Editorial Excerpts, December 2021

Published: December 13, 2021

Texas’ newest abortion law allows any private citizen to sue an abortion provider or any other person, including a driver, who helps a woman obtain an abortion. If successful, they can collect a bounty.

It’s a blatantly unconstitutional law, upending decades of precedent. The law bans abortions after about six weeks of pregnancy—before most women even know they are pregnant. There are no exceptions for rape or incest. The Supreme Court erred in allowing it to take effect and should quickly overturn it.

SB 8 has created an unprecedented vigilante system that provides incentives for anyone to sue abortion providers, who then must defend themselves in court at enormous cost. The chilling effects aren’t hypothetical. It’s virtually impossible for a woman to have a legal abortion in Texas.

U.S. Solicitor General Elizabeth Prelogar called the statute “unprecedented, extraordinary, and extraordinarily dangerous for our constitutional structure.”

Prelogar explained the law was designed to “thwart the supremacy of federal law in open defiance of our constitutional structure. …”

As the Department of Justice argued, under such a structure, no constitutional right is safe.

The Supreme Court should never have allowed this law to take effect. While the line of questioning from a majority of justices suggests the Texas law will be overturned, the fate of abortion rights is still precarious.

San Antonio Express-News, November 9, 2021

Texas officials essentially and unconstitutionally banned abortion by way of a bizarre state law, and it sounds like the Supreme Court isn’t buying into the state’s scheme.

On Monday, justices heard nearly three hours of oral arguments in two cases brought by the U.S. Department of Justice and by a group of abortion providers challenging the Texas law. The state has banned abortion at six weeks of gestation—but the law is enforced only by private citizen lawsuits. This diabolical tactic is designed to render federal courts powerless to block the law.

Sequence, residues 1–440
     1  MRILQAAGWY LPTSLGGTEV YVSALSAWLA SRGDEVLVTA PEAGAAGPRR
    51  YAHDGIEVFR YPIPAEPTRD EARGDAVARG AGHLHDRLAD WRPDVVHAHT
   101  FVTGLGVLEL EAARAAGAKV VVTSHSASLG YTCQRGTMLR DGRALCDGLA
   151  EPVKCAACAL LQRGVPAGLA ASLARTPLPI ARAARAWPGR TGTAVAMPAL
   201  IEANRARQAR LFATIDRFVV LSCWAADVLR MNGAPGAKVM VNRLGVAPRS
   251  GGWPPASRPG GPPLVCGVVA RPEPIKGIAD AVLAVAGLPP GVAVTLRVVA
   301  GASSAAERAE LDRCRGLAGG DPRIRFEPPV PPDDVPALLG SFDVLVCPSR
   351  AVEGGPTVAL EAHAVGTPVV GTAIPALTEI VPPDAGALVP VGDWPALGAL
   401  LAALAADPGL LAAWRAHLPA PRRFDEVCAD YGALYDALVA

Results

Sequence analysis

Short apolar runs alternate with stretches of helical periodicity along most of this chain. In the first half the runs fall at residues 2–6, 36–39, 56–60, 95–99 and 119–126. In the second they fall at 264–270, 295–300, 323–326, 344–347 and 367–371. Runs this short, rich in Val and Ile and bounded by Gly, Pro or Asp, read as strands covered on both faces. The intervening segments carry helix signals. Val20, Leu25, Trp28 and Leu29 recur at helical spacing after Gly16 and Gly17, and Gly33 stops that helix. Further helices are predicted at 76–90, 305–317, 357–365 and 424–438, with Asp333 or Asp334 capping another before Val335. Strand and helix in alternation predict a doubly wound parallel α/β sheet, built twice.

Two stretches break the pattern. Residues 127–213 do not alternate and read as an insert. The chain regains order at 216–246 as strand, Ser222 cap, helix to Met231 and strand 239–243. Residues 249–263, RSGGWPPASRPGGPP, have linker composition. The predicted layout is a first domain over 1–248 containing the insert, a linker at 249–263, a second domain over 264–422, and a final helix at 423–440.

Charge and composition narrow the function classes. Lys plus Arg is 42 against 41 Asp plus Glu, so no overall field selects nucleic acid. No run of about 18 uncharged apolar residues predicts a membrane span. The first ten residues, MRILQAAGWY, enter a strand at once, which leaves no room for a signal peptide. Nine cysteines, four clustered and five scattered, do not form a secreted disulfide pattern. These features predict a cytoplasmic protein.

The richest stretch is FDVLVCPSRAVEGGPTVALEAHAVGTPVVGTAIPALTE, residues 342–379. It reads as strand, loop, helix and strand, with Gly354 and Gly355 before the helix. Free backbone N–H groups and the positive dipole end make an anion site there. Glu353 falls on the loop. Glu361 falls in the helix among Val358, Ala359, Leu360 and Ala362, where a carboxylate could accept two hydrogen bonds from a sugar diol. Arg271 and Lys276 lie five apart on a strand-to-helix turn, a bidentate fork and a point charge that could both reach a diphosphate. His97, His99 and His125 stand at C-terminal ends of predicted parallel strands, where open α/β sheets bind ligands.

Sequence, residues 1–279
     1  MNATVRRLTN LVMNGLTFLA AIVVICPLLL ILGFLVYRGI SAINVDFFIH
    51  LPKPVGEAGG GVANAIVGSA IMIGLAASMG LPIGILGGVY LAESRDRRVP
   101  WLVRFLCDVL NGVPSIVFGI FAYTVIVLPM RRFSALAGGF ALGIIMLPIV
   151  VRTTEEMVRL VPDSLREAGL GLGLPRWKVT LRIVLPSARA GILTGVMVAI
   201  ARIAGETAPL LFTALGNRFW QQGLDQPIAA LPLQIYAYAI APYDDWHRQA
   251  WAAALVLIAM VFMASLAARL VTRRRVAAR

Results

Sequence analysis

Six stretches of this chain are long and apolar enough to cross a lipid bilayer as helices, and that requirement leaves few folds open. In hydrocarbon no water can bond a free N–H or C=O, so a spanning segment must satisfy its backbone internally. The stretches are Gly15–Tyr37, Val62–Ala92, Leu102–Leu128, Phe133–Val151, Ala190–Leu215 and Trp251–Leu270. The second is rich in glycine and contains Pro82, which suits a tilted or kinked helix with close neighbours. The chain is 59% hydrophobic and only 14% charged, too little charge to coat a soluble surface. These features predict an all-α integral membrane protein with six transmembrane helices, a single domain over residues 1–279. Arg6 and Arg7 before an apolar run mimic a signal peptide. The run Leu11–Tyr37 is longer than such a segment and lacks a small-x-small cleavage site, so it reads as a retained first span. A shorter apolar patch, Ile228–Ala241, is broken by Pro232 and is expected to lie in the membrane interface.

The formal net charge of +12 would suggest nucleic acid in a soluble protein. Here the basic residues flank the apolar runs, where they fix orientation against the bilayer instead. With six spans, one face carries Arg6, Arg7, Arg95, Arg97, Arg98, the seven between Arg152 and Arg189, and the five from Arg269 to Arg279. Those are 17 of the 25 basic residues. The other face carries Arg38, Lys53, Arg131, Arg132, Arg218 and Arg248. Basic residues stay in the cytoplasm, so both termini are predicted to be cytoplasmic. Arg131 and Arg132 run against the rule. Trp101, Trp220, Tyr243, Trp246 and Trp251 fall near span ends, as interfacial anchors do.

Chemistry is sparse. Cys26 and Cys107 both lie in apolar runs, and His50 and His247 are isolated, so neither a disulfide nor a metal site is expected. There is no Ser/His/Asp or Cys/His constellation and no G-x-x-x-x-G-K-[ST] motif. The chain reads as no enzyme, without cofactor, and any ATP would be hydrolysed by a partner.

Under the law, known as Senate Bill 8, an individual who helps a woman obtain an abortion—the doctor, the nurse, the ride share driver who took her to the clinic—can be sued in court by any Tom, Dick or Harry. If the person who gets sued loses, he or she pays legal fees for the other side. And win or lose, that person can be sued again and again by someone else for the exact same instance of helping a woman get an abortion. The law, in effect since Sept. 1, has effectively halted abortions in the state.

The most disturbing thing about the cases against Texas and another case concerning a Mississippi abortion restriction—which the court will hear next month—is just how precarious the situation is for abortion rights in the U.S. The Supreme Court guaranteed women the right to an abortion in its landmark Roe vs. Wade decision. Nearly 50 years after that decision, abortion rights advocates are back at the Supreme Court still fighting for it. A decade ago that would have been inconceivable.

The Supreme Court should make this decision quickly. … It’s past time to restore to Texas women their right to a safe and legal abortion.

Los Angeles Times, November 2, 2021